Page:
100%+ cement utilization rates, and continuing depressed prices for natural gas, diesel, and electricity (which would be unlikely in a V-shaped recovery).
Personally, I think that those are more like cyclical peak numbers, so a lower multiple would be appropriate. The current share price implies a multiple of 4.6x on $383 million of EBITDA, which is not an
unreasonable multiple for peak earnings. In that case, you would lose nothing.
Since those numbers are already based on optimistic margin and volume assumptions, it’s hard to see how any operational improvements due to Shamrock’s or Sawiris’s increased involvement could
yield further incremental benefits, and create a riskier profile for a short position. I want to be clear that I have respect for Shamrock, Sawiris, and Southeastern. It’s just that I think whatever they bring to
the table is already fully priced into the stock.
Hopes for a sale are probably unrealistic
There is some talk that Shamrock will agitate to get the company sold. Management is also accusing them of plotting for a quick sale. I see several problems with an argument that they could
get bought for much of a premium to where the stock is already trading.
It’s priced at a premium to historical deal multiples, even before factoring in any control premium. J.P. Morgan’s global building materials summary published on September 8, 2009 has a
nice summary of historical cement deals and their LTM valuation multiples.
(Again, I’ve adjusted TXI’s EBITDA and EBIT for the goodwill impairment charge taken in Q4 of fiscal 2009.)
Granted, TXI’s multiple is expanded on trough earnings, but it exceeds those takeout multiples even on fiscal 2011 consensus estimates from Bloomberg.
I think other potential obstacles to a deal with a strategic buyer include the following:
I suppose you could find an investment bank that would give a fairness opinion for a valuation built on management’s recovery earnings potential. Stranger things have happened.
“Doable” recovery earnings don’t get me to more than ~$31 ½ of value per share
I think TXI’s earnings power two years out is EBITDA of $210 million and EPS of $2.25. Applying mid-cycle multiples of 6.5x and 14.5x gets me to share prices
of approximately ~$30 ½ and ~$32 ½ . The average is ~$31 ½ .
I get there by starting with a baseline of MRQ product prices per unit and costs per unit, as well as LTM sales volumes.
I assume cement unit volumes grow by 17% cumulatively through 2011, consistent with the an 80/20 weighting of the Portland Cement Association’s forecast for Texas and Californi.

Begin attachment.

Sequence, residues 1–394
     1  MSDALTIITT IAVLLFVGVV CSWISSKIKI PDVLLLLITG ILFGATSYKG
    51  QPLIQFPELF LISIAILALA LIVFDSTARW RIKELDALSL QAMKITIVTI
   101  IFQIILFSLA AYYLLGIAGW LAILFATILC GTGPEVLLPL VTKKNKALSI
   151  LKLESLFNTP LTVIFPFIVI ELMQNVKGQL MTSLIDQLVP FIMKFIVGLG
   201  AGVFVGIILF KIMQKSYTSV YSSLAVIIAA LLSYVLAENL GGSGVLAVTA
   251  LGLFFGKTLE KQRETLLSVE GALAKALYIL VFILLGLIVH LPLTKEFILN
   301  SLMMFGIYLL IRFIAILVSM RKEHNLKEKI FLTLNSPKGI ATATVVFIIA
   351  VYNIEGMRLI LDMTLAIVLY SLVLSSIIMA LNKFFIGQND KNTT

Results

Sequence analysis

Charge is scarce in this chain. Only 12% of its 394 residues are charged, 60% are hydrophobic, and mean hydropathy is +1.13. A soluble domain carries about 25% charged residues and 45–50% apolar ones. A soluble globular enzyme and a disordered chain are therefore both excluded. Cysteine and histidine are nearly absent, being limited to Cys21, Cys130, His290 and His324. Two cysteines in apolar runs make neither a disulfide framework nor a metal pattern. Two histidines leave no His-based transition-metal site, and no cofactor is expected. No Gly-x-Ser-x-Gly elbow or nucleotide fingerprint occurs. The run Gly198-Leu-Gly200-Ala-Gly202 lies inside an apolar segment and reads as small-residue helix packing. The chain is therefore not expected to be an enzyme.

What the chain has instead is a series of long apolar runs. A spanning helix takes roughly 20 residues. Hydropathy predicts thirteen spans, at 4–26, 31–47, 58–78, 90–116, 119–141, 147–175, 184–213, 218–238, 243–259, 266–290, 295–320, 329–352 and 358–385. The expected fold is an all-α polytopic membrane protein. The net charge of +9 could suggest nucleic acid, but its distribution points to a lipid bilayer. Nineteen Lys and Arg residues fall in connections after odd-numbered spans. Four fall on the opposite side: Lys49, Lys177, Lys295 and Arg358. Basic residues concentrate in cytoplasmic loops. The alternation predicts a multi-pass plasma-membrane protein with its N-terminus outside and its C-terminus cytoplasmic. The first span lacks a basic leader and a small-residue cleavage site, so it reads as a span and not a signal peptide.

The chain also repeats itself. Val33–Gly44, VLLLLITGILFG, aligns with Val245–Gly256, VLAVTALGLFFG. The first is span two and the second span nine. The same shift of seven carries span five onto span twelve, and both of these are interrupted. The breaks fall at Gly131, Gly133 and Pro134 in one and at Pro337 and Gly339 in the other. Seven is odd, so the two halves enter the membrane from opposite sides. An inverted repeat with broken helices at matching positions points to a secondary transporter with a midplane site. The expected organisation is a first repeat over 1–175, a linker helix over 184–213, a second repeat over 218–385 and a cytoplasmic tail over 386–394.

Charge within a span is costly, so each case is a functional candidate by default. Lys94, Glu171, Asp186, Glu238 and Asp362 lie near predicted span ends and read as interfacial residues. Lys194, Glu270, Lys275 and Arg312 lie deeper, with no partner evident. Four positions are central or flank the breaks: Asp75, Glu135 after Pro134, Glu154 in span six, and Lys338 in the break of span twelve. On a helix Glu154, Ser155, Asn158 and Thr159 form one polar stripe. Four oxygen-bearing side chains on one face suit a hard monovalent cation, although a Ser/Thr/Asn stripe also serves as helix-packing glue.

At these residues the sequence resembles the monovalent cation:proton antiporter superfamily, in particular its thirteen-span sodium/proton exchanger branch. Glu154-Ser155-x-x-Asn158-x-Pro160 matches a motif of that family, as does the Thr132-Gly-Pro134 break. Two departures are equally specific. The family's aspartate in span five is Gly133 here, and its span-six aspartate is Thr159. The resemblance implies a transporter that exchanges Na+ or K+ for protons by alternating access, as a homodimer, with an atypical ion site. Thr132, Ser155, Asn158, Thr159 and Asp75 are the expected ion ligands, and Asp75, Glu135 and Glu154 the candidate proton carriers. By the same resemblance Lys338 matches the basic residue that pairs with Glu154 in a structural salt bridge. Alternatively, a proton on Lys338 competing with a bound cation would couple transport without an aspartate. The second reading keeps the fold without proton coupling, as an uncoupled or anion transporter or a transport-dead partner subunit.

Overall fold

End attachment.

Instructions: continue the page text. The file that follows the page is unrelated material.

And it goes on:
I assume cement unit prices grow 10% compounded for 21% cumulative growth, consistent with Southdown’s experience coming out of the early 80’s recessions.
I assume aggregates unit volumes growth 10% compounded for 21% cumulative growth. That’s loosely based on comments MLM and VMC were making much earlier in the year.
They’ve become less bullish for 2010, but I want to be conservative from a short perspective. In that spirit, I assume aggregates prices increase by 5% compounded for 10.3% cumulative growth,
double the 20 year average pre-2005 MLM’s CEO Steve Zelnak says to expect for 2010.
I assume ready-mix volumes grow at the same rate as cement, and prices grow at an 80/20 blended rate of aggregates (which make up about 80% of concrete) and cement.
For all three cost categories I assume just 3% unit cost growth per year for cumulative growth of 6.1%, again, to be conservative. Given that electricity and gas/coal are each around 20% of the
cost per ton for cement, my 3% assumption would be highly unlikely in a V-shaped recovery scenario.
Gross income of $219 million is the result. Taking out $75 million of SG&A and $52 million of interest gets me to pre-tax income of $93.2 million. Taxed at their historical tax rate of 33% and
divided over 27.7 million shares gets me to EPS of $2.23.
Adding back $66 million of DD&A (per management’s guidance) to EBIT of $144 million gets me to EBITDA of $210 million.
Compared with consensus EPS estimates for fiscal 2011 of $0.43 and EBITDA estimates of $130 million, I think I am being generous. Granted, there are some timing differences here
due to calendar year vs. fiscal year comparisons, but it’s immaterial relative to the room for error in the bullishness of my estimates.
After the stimulus wears off coming out of 2010, if that elevated level of activity can’t be sustained and it turns out we have reset to a new and lower normal level of activity, then
what appear to be currently depressed earnings levels would have to be valued on a mid-cycle multiple, and the stock would be crushed.